Opponents of religious liberty laws maintain that they are tantamount to permission to discriminate. Jason Holsman, a Democrat who helped lead a 36-hour filibuster that tried to stop a religious freedom bill from advancing in the Missouri Senate, noted during debate that he has many LGBT constituents. "I look at this bill and I read it through their eyes," he said. "And when I read it through their eyes, I see a mean-spirited attempt to try and make the laws apply differently to me than they [do] for you."
 
Advocates for transgender individuals have argued that they are the ones at risk from potential harm when using bathrooms that are not appropriate to them. They say that in cities where transgender individuals can use the bathrooms they feel are appropriate, a few of them have been assaulted, but there is no evidence of transgender individuals ever assaulting other people.
 
But many people remain uncomfortable with the idea that a person who is anatomically a male has become a woman and wants to use facilities for women. That was demonstrated last fall by Houston voters rejecting a broad anti-discrimination ordinance, following a campaign that mainly turned on the question of transgender bathroom use. Democrats and the "liberal media... will never stop trashing North Carolina until they achieve their goal of allowing any man into any women's bathroom or locker room at any time, simply by claiming to feel like a woman," North Carolina Senate President Pro Tempore Phil Berger said in a statement, in response to McCrory's executive order.
 
Meanwhile, in Massachusetts, GOP Gov. Charlie Baker is trying to decide whether to support an expansion of the state's anti-discrimination protections for transgender individuals to include public accommodations, including bathrooms. In Minnesota, a bill to block transgender individuals from using the restrooms of their choice received a hearing from a House committee on Tuesday, but it's not expected to pass that GOP-controlled chamber. It has no chance in the Democratic-controlled Senate.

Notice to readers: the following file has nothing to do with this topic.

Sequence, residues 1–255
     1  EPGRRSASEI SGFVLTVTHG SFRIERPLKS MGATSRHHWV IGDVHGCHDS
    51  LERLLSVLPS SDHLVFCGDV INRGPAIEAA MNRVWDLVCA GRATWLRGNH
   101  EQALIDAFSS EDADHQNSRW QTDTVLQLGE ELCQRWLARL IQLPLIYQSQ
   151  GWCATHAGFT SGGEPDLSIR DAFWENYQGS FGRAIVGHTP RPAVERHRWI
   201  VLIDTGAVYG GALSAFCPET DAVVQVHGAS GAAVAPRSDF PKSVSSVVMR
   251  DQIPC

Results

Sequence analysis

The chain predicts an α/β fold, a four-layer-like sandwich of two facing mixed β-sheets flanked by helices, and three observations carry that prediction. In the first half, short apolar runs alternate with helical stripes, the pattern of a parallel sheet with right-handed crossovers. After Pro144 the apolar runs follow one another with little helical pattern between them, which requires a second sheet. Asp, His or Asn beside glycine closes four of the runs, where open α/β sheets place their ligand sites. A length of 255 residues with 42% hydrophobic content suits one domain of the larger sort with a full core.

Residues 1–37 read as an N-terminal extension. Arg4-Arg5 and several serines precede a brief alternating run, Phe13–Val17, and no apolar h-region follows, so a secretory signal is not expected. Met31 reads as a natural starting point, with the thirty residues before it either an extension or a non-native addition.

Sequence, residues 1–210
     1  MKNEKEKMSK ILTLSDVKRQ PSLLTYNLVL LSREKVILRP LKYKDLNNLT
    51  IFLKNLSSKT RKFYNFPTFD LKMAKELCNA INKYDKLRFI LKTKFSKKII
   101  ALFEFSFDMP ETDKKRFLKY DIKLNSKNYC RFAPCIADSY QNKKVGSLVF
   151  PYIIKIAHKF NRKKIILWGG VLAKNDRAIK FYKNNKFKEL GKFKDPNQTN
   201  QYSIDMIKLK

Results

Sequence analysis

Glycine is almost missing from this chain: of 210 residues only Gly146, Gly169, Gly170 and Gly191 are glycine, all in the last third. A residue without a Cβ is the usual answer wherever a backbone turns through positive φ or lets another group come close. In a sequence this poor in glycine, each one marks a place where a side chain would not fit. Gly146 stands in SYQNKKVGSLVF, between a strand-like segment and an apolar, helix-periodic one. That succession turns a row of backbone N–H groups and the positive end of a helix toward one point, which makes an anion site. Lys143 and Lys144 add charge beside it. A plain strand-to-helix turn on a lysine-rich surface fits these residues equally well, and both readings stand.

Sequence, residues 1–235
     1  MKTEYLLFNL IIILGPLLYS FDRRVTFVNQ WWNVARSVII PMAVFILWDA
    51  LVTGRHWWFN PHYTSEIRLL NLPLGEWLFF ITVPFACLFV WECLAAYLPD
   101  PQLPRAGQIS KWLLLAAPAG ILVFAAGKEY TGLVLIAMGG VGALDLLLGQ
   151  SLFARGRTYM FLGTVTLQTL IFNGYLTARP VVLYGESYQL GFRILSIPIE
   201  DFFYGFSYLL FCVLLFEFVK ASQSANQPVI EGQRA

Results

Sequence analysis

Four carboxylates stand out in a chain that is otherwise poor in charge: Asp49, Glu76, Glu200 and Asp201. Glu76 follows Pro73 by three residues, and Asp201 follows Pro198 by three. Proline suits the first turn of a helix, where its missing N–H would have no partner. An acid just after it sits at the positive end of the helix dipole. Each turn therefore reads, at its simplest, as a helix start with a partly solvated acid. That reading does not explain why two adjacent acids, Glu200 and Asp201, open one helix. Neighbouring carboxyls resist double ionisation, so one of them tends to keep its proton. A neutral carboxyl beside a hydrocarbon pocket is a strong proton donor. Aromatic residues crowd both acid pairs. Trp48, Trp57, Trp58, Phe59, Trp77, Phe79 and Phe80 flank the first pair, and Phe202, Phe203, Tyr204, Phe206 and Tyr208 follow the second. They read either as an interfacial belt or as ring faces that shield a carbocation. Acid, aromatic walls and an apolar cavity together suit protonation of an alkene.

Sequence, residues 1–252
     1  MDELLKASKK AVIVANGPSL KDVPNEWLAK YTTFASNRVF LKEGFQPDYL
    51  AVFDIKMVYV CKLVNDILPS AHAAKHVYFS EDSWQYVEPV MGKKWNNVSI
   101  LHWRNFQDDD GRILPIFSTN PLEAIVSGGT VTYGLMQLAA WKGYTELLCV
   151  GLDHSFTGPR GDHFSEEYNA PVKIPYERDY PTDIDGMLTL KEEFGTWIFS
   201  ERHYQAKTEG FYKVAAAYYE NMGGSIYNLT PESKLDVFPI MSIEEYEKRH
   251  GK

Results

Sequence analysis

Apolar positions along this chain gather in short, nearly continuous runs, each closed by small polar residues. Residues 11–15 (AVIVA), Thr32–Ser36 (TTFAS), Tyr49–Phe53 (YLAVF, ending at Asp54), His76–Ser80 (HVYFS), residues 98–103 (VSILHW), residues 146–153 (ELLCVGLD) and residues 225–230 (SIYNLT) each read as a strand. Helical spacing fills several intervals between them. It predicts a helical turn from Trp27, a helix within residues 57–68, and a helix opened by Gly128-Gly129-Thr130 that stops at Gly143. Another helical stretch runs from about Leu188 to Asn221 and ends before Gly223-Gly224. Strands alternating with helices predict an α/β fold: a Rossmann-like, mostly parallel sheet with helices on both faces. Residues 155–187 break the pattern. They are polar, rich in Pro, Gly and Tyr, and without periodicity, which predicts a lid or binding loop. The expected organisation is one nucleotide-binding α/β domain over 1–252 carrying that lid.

States are even taking different approaches to something as intimate as therapeutic treatment. Last year, Oregon and Illinois became the third and fourth states to ban so-called gay conversion therapy, blocking mental health professionals from performing treatments that seek to change the sexual orientation or gender identity of clients. 
 
Conversely, the Tennessee Senate on Monday cleared a bill for Haslam's signature that would allow therapists to turn away LGBT clients if treating them would violate their "sincerely held principles." If Haslam signs the bill, it would be the first such state law in the country. The bill violates American Counseling Association guidelines.
 
Governors tend to be more wary of divisive social issues than legislators. Last month, Georgia Republican Gov. Nathan Deal vetoed a religious freedom bill, which major businesses warned would allow discrimination against LGBT individuals. South Dakota GOP Gov. Dennis Daugaard also vetoed a bill last month that would have required transgender students to use bathrooms and locker rooms designated for the gender they were assigned at birth. Last week, Idaho Republican Gov. Butch Otter vetoed a bill that would have allowed the Bible to be used for instruction in public schools, calling it unconstitutional.
 
But even if Tennessee Gov. Haslam vetoes the bills regarding counseling and the Bible, he might sign a bill currently being considered that would bar transgender individuals from using the restrooms of their choice, predicts Lynn, the Americans United executive director. "If I had to bet, that might be the one he would actually sign," Lynn said.